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crunchee

Ebay Sucks...For Yet Another Reason!

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Posted (edited)
9 minutes ago, Steve Haynie said:

I have been told that before, but never by an accountant or tax lawyer.  The subject came up when talking about collectibles that go up in value drastically.  You paid $50 for an effect pedal that now gets $250.  You are supposed to pay tax on the $200 you made 20 years later.  You bought a 1963 Strat in high school that you rarely played and now want to part with it for a fair market price.  What do you do? 

Technically, if you are making money on it, then it becomes a capital gain and it is taxable, and you’re required to report it. However in this game that we’re in with guitars and used gear, typically we are breaking even or taking a loss,  especially if you cover shipping.  In these cases absolutely not, you do not have to report it. Now if you  made $10,000 on the Stratocaster that you bought for only 3000, then yes you need to report the $7000 as a capital gain. But not on all of our little rinky-dink sales where  we’re not making any money. That’s just stupidity and even the IRS doesn’t require it. 

Edited by gtrdaddy

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What most people do is deal in cash and never report it. And keep cash bank deposits below $10,000. And they are likely not keeping a ledger that can be audited.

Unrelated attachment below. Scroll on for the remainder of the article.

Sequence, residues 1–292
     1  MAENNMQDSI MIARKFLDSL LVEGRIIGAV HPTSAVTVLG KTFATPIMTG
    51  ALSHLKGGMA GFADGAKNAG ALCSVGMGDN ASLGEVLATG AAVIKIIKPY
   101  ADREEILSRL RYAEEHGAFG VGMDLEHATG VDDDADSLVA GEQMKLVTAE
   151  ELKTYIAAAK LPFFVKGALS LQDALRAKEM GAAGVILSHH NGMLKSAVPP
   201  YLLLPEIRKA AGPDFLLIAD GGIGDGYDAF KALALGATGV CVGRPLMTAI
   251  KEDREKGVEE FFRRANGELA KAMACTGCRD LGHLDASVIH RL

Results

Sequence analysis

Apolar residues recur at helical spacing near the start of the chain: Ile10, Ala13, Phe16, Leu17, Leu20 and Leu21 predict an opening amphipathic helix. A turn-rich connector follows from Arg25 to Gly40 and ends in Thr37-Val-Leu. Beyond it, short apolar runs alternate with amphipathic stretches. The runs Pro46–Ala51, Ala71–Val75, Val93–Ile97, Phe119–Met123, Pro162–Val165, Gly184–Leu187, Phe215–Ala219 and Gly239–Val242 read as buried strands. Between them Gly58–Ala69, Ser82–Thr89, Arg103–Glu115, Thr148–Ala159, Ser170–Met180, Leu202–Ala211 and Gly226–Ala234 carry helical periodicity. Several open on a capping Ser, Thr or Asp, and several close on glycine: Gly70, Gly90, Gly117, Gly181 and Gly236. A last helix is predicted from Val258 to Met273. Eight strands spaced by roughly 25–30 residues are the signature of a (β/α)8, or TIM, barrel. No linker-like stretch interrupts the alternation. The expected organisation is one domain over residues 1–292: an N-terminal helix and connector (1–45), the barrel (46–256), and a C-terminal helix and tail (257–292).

Unless they do have a business and are getting the other benefits, like depreciating their gear, in which case they almost certainly DO keep records and are subject, however remote the odds, to being audited. This assumes they have taxable income to charge the "losses" against.

That is NOT tax advice suggesting a person fail to report income that is legally taxable! 😀

Now, for many of us, any "taxable gain" is most likely more than offset by losses on other gear sales. I cannot recall the last time I had more gains than losses. And it seems all the more difficult to gain, or just break even, with tax being added to so many internet sales.

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4 hours ago, kizanski said:

It will just be another variable in the bargaining process, along with shipping fees and eBay/Reverb fees.

Oh, and the cost of the boxes! lol

What are you worried about? You're getting out of the game, remember? 

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1 minute ago, MCChris said:

What are you worried about? You're getting out of the game, remember? 

Right!  And I'll be buying boxes, paying shipping, paying Reverb fees...

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1 hour ago, django49 said:

What most people do is deal in cash and never report it. And keep cash bank deposits below $10,000. And they are likely not keeping a ledger that can be audited.

Unless they do have a business and are getting the other benefits, like depreciating their gear, in which case they almost certainly DO keep records and are subject, however remote the odds, to being audited. This assumes they have taxable income to charge the "losses" against.

That is NOT tax advice suggesting a person fail to report income that is legally taxable! 😀

Now, for many of us, any "taxable gain" is most likely more than offset by losses on other gear sales. I cannot recall the last time I had more gains than losses. And it seems all the more difficult to gain, or just break even, with tax being added to so many internet sales.